Why Your Family Doesn’t Want to Read Their Family History

Vintage photos of ancestors with overlay Why Your Family Doesn’t Want to Read Their Family History

You hear the grumbles and the sighs as you tell your family to read their family history. They say they are not interested and they would rather watch grass group. How can this be when it’s their legacy?!?

There are likely two reasons why the family history book you want your family to read does not generate positive feelings. The first is the book is too large and the second is what you created is boring.

Reduce the Size of Your Family History

Just as not everyone likes reading history, many of your family members do not want to read about their family history. The reason may stem from the fact that history teaching in schools typically involves 8×10 paperweights known as textbooks. If a family history book looks like a textbook your family will not jump at the chance to read it.

In the past, compiled facts of multiple generations of ancestors and their descendants became the staple of what genealogists created for their families. Book size options and the lack of one-off printing runs made it cost-prohibitive to create anything else.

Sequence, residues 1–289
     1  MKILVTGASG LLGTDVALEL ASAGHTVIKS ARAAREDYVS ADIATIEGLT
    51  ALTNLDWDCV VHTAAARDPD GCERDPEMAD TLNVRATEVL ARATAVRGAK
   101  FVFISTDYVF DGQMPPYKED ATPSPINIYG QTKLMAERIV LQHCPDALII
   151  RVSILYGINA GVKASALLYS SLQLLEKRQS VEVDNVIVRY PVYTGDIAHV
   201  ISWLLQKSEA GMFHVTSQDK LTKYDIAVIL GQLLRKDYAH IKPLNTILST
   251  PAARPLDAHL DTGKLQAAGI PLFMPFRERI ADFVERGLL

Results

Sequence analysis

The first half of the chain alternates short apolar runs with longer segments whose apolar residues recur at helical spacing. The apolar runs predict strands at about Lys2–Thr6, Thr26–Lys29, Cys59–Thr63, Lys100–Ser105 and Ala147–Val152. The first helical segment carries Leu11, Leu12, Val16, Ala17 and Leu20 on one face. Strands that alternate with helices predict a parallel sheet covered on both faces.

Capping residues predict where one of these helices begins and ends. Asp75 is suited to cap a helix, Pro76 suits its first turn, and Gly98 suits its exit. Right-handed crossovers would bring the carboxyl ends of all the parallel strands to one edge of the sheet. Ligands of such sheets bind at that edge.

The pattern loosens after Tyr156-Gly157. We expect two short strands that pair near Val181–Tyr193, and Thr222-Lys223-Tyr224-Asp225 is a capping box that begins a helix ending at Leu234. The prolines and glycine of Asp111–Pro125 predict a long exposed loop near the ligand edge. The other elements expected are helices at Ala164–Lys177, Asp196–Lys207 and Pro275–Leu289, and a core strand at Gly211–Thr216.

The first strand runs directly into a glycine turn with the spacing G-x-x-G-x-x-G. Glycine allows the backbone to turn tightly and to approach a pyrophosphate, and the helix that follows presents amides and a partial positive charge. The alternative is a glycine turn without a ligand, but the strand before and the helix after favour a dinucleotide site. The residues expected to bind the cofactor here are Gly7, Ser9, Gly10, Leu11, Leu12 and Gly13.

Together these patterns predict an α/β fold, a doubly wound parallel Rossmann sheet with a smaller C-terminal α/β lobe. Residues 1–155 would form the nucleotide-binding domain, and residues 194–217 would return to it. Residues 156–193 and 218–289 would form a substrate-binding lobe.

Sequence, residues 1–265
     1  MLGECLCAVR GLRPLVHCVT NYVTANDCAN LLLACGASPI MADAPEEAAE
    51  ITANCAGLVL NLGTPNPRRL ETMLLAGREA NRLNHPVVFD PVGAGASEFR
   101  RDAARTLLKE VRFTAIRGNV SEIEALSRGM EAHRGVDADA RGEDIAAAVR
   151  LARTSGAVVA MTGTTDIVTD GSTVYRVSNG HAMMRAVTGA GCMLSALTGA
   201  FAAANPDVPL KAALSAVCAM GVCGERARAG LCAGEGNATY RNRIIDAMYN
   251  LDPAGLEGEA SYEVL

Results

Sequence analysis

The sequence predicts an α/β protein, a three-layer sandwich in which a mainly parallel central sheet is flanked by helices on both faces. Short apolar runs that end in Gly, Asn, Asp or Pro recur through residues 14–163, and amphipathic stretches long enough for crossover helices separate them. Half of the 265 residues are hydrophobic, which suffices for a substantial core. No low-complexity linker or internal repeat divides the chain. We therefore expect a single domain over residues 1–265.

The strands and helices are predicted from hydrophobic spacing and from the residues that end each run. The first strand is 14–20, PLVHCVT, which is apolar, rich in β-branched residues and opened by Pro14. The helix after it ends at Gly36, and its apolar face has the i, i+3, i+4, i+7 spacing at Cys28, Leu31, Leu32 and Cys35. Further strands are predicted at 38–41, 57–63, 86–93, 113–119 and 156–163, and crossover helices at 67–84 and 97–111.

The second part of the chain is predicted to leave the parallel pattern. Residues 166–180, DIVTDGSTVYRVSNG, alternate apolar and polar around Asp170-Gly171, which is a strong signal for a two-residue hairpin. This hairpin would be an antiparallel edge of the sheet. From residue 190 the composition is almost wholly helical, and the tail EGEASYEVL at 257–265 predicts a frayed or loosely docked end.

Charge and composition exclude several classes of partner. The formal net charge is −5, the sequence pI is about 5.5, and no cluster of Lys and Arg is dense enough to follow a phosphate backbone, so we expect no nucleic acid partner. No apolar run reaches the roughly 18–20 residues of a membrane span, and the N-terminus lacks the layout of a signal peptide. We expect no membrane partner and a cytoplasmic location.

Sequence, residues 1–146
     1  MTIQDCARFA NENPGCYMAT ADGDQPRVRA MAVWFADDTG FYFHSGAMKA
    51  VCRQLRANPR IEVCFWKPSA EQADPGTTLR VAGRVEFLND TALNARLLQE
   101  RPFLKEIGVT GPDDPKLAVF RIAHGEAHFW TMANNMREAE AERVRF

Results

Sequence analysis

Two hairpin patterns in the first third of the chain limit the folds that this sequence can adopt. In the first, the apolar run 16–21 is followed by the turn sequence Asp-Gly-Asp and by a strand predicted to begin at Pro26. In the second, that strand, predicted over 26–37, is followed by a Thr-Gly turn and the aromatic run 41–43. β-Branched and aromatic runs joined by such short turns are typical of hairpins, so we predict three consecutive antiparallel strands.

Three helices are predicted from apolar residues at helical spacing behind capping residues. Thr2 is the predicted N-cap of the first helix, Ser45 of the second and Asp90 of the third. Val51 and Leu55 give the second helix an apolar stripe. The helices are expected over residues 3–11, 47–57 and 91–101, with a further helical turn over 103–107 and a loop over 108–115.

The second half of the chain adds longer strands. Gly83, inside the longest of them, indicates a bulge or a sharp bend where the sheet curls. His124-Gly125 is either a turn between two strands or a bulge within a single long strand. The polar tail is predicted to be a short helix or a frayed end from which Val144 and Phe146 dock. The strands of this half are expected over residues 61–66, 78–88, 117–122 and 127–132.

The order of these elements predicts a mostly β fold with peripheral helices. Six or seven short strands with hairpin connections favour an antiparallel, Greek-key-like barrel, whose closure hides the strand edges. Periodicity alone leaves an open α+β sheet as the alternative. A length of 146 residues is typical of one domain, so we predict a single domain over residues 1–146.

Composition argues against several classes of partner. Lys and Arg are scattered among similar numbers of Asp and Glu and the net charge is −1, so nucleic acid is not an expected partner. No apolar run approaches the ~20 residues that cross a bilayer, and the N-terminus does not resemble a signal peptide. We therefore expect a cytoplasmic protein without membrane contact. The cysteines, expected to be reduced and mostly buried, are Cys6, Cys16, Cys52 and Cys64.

Andy’s family has a book featuring over 200 pages measuring 8.5×11 inches. The book consumes a lot of space on our bookshelf. Its hefty weight makes it difficult to read casually.

Your family members will likely not want to read a family history of similar size.

Break the Family History Into Smaller Books Your Family Wants to Read

Your family members will more likely read smaller family histories on a Sunday afternoon, as a bedtime story for children and grandchildren, or for a yearly reading goal. Give them smaller books that are an easy yes.

Strive to publish books that range from 90-120 pages sized 6×9 inches filled with story, photos, documents, and maps to add visual interest to the text. The 6×9 inch book fits easily on a shelf or in a purse or tote bag for reading on long commutes or at the beach.

My cousins and aunts absolutely love this book that I wrote about Lewis Brown (grandpa or dad to my relatives). Not only was the story a quick read but they saw photos and documents they never knew existed. My family read their family history and ask when I’m writing the next one.

Write an Interesting Story

A lyric from a popular song says, “If you want to make the world a better place, look in the mirror and make the change.” (If you can identify that song and artist, leave it in the comments of this post.)

That line is applicable to the discussion of writing when no one wants to read their family history that you created. Take a hard look at the family history you compiled. Is it worth reading?

In 1984, a family member compiled my Comfort family history into a book. It took a lot of work and I won’t discredit their efforts. However, there is NOTHING TO READ in here. 95% of the book contains charts.

Since we live in a day when publishing family histories is cheap (free if you blog or for a fee if you convert your writing into a book), you have no excuse to create these kinds of family histories. Spend your money on family histories that have content to READ.